Courts have previously recognized that older employees may struggle to find comparable re–employment. In a recent decision, Ozorio v. Canadian Hearing Society, the Ontario Superior Court of Justice awarded 24 months’ common law reasonable notice to a dismissed employee, Ms. Ozorio, who was 61 years old at the time of dismissal. Ms. Ozorio had been employed by the Canadian Hearing Society for approximately 30 years, the last ten of which she occupied the role of Regional Director.
This decision provides some helpful direction and guidance for employers that move to terminate the employment of older, long service employees from their organization.
Ms. Ozorio was dismissed in November 2015 as part of a restructuring process. Ms. Ozorio, whose total annual compensation had a value of $102,000, was offered a ‘voluntary separation package’ worth $93,000. Ms. Ozorio rejected this package. The employer then made an improved offer of $97,000—which Ms. Ozorio also refused.
Ms. Ozorio subsequently commenced a lawsuit. In considering the matter, and determining that the appropriate period of reasonable notice was 24 months, the Motion Judge made the following findings:
- Initially the employer offered less than 1–year of total compensation to Ms. Ozorio as reasonable notice. Later, the employer altered its position and asserted that reasonable notice for Ms. Ozorio was in the range of 18-20 months. The Motion Judge was unimpressed by this significant shift in position, noting that it represented a “tacit acknowledgment of the inadequacy of the original offers.” (paragraph 12)
- Age is an impediment to re–employment. The Motion Judge found that “the plaintiff is at a competitive disadvantage given her age in the broader job market, having virtually no work experience outside that of the defendant, a not for profit organization.” (paragraph 18)
The Motion judge further referred to earlier decisions, including Drysdale v. Panasonic Canada Limited, McKinney v. University of Guelph and Leeming v. IBM Canada Limited  O.J. No. 1020 with approval, confirming that:
- “Generally a longer notice period will be justified for older long term employees who may be in a competitive disadvantage securing new employment because of their age” (McKinney);
- “Having served one employer for such a lengthy period of time, a potential new employer may view that individual as rather set in his ways and not as adaptable to change” (Drysdale); and
- Older employees do not have particularly bright prospects for re–employment “competing with younger, more recently trained and less expensive talent.” (Leeming)
- The employer failed to offer Ms. Ozorio any support in seeking alternate employment. Specifically, the Motion Judge found that “no offer was made to provide the plaintiff with a letter of reference or any out-placement counselling services to assist her with alternative employment.” The employer solely provided 34 weeks of statutory notice and severance pay plus benefit continuation for an 8-week period.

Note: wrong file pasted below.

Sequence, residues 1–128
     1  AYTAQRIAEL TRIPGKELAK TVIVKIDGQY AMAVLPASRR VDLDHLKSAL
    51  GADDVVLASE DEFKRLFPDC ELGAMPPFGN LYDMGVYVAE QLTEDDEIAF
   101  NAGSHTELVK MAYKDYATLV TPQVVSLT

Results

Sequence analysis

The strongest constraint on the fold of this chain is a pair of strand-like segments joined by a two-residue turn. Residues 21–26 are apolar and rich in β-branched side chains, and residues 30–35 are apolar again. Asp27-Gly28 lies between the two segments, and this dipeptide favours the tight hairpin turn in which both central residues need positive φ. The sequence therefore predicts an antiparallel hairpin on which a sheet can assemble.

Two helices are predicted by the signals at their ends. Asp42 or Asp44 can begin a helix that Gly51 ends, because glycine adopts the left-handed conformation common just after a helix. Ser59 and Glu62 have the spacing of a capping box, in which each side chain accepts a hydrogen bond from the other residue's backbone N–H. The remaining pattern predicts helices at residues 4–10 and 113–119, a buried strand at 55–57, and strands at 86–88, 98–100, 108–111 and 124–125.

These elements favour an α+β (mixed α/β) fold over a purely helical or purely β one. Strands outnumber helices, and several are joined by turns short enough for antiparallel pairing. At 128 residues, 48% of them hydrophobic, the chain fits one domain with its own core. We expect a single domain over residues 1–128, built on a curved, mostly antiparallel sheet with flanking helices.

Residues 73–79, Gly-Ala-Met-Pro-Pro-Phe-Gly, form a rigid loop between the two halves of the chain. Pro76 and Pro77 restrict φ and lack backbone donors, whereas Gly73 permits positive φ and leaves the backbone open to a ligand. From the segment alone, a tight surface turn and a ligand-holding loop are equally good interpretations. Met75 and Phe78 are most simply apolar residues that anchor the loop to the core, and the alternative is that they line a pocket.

Takeaways for employers
- The most significant take away from this decision is a further reminder that “age is an impediment” to re–employment. Older, long service employees will likely be entitled to receive greater severance than their younger counterparts in similar positions. Accordingly, consider carefully the manner in which older employees are dismissed, and how a fair severance package may be structured both to assist them and simultaneously avoid potential liability;
- In this case, it was found that the employer failed to make a reasonable severance offer when it dismissed Ms. Ozorio. As part of your organization’s operational decision–making consider carefully what amount of severance will be offered, and further how this payment (or working notice) will be structured. If your organization decides to offer a lower amount than that required at common law, consider the costs of litigation and how, if the organization later shifts its position, this may be perceived by a court;
- Offer dismissed employees career counselling and transition support, and provide references, as required. On a practical level, the cost to provide this support is minimal, yet it will likely improve your former employee’s chances of finding re–employment. Moreover, should a matter reach litigation, it will better allow the organization to reasonably challenge the mitigation efforts of the former employee;
- While not addressed in this decision, age is also a protected ground under the Ontario Human Rights Code, and as such employees cannot be discriminated against nor treated differentially as a result of their age. Accordingly, if your organization does move to dismiss an older employee, ensure that this decision is made for bona fide reasons (such as a re–structuring, or due to performance concerns). The fact of the person’s age cannot in any way be a deciding factor in the decision to terminate. In any termination situation, it is worthwhile speaking first with an employment lawyer.